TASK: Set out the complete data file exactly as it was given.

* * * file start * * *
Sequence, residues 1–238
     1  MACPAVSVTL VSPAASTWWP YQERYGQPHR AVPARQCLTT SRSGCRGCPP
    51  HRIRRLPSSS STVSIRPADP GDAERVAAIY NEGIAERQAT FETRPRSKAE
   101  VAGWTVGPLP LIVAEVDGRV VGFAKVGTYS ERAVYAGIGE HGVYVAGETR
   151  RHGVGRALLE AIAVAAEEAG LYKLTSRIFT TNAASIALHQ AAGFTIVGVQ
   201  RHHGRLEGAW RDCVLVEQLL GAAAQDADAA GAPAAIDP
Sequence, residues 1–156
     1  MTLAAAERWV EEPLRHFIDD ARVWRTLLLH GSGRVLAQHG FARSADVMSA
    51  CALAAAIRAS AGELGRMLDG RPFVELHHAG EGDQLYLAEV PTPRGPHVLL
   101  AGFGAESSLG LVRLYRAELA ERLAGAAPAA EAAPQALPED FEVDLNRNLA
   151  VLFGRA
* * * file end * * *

Sequence, residues 1–238
     1  MACPAVSVTL VSPAASTWWP YQERYGQPHR AVPARQCLTT SRSGCRGCPP
    51  HRIRRLPSSS STVSIRPADP GDAERVAAIY NEGIAERQAT FETRPRSKAE
   101  VAGWTVGPLP LIVAEVDGRV VGFAKVGTYS ERAVYAGIGE HGVYVAGETR
   151  RHGVGRALLE AIAVAAEEAG LYKLTSRIFT TNAASIALHQ AAGFTIVGVQ
   201  RHHGRLEGAW RDCVLVEQLL GAAAQDADAA GAPAAIDP
Sequence, residues 1–156
     1  MTLAAAERWV EEPLRHFIDD ARVWRTLLLH GSGRVLAQHG FARSADVMSA
    51  CALAAAIRAS AGELGRMLDG RPFVELHHAG EGDQLYLAEV PTPRGPHVLL
   101  AGFGAESSLG LVRLYRAELA ERLAGAAPAA EAAPQALPED FEVDLNRNLA
   151  VLFGRA